Let’s get more specific. What are your “Top 5 Trends To Track In the Future of Work?”
- Meaningful commitment to diversity, equity, and inclusion (DE&I). The pandemic amplified long-standing systemic inequities deeply rooted in our society and shed light on the importance of social determinants — the places where we live, work, learn, play and age — in our overall wellbeing, and how these determinants disproportionately affect low-income and BIPOC communities. According to the Centers for Disease Control and Prevention, Black and Latinx Americans are three times more likely to contract COVID-19 than White Americans and nearly twice as likely to die from it. While COVID has increased the urgency around these issues, they’re far from a new phenomenon.
The story is similar in the workplace. Amid the pandemic, one in four women were thinking about slowing their career or leaving the workforce entirely, particularly mothers, Black women, and senior-level women. In fact, three in four Black women considered downshifting or exiting their careers. McKinsey research discovered that the most gender diverse companies — those in the top quartile — are 25 percent more likely to have above-average profits compared to the least diverse quartile. The most diverse companies will also be in the best position to get back on track post-COVID, with access to a broader talent base and greater mix of skillsets and viewpoints. Diversity in the workplace means more than just a diverse mix of ethnic backgrounds, however, it also means diversity of thought, and how companies are tying DE&I initiatives to their business strategy in a meaningful way. Furthermore, it also requires tying this to recruitment and talent management strategies in a meaningful way and developing effective measurement tools to ensure success.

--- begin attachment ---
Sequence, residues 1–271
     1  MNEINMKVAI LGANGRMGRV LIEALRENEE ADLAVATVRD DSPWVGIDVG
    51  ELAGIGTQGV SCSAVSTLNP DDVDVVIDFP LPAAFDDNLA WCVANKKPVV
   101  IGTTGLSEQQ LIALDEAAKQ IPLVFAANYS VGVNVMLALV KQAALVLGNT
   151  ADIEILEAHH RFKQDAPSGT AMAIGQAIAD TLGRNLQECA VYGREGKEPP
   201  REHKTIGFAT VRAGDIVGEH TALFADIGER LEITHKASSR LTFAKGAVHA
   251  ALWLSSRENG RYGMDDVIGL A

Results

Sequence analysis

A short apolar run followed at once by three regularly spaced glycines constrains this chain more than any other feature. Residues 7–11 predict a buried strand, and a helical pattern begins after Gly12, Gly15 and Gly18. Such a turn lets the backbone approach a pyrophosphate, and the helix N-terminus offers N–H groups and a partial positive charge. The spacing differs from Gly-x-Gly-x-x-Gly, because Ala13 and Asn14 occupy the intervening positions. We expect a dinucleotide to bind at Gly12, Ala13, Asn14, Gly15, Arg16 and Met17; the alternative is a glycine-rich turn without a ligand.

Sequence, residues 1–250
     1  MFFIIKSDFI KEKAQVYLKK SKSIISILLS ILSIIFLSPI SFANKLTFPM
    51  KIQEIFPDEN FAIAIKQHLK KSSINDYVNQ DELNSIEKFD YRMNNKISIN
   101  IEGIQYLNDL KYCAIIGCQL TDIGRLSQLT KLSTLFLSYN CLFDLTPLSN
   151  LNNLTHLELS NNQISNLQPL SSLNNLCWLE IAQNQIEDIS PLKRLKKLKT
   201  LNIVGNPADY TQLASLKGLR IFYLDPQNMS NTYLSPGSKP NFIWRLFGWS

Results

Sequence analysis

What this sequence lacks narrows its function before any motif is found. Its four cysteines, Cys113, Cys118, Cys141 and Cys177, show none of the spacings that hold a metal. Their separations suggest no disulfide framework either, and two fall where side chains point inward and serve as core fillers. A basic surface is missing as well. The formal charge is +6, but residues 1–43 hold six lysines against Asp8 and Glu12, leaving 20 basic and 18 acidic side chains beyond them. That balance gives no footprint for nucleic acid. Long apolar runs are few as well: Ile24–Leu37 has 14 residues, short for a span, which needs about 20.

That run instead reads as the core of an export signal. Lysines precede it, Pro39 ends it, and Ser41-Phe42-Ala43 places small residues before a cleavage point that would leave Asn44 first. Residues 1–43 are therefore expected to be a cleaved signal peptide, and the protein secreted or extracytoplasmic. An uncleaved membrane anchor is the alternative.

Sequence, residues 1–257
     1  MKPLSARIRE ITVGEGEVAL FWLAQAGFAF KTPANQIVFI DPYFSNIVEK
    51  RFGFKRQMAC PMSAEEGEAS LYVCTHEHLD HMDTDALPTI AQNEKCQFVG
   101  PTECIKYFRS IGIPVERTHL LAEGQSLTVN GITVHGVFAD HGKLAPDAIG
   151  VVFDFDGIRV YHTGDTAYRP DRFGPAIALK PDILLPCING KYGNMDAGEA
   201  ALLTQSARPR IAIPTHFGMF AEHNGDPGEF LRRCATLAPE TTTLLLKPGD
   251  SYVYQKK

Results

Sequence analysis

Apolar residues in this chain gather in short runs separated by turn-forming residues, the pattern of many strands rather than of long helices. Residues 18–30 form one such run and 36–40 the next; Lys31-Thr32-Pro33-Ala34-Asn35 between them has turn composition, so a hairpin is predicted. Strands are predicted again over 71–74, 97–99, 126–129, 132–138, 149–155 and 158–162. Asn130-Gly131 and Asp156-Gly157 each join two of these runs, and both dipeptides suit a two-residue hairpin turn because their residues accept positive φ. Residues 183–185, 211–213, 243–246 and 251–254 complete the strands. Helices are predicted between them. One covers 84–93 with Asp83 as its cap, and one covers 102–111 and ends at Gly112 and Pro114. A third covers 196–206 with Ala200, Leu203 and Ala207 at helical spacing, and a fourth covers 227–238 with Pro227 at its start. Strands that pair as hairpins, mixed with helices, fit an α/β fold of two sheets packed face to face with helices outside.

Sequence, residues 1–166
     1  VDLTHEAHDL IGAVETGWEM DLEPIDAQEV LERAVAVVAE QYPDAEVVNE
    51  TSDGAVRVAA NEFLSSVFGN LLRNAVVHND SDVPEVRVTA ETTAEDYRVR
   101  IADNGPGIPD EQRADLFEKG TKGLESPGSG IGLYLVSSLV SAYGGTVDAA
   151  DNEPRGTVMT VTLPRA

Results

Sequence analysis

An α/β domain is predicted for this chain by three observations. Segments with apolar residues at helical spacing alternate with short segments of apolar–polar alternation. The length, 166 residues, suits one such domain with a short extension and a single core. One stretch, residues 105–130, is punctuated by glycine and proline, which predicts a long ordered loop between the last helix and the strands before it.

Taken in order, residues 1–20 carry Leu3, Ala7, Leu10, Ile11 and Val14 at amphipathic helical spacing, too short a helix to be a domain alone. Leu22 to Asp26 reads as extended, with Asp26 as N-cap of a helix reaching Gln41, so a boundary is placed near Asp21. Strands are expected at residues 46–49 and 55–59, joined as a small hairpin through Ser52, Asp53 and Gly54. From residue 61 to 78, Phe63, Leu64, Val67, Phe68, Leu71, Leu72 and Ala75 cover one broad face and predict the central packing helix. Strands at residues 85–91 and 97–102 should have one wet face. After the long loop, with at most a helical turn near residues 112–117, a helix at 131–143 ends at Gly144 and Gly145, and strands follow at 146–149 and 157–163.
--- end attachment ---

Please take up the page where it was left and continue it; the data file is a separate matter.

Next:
- To become an employer of choice, companies need to invest time and resources into upskilling, re-skilling and training employees. Amid the pandemic, companies across most — if not all — industries have had to rapidly evolve to meet new and changing customer needs, which will likely continue post-pandemic, albeit at a slower pace. Keeping up with this demand will require employers to provide employees with resources and opportunities to develop new skills. This is especially important against the backdrop of an increasing rate of retirement among adults 55 and up. According to a recent analysis by the Pew Research Center, over half of US adults 55 and older said they were out of the labor force due to retirement. To account for this, companies should consider ramping up their efforts to hire recent college graduates and junior talent, even if those prospects may lack some of the skills pertaining to the specific position. Rather than leaving the position unfilled in hopes of finding the ‘perfect’ candidate, employers will be better served by hiring a candidate who may not possess every required skill, but is willing to learn in an accelerated on-the-job setting.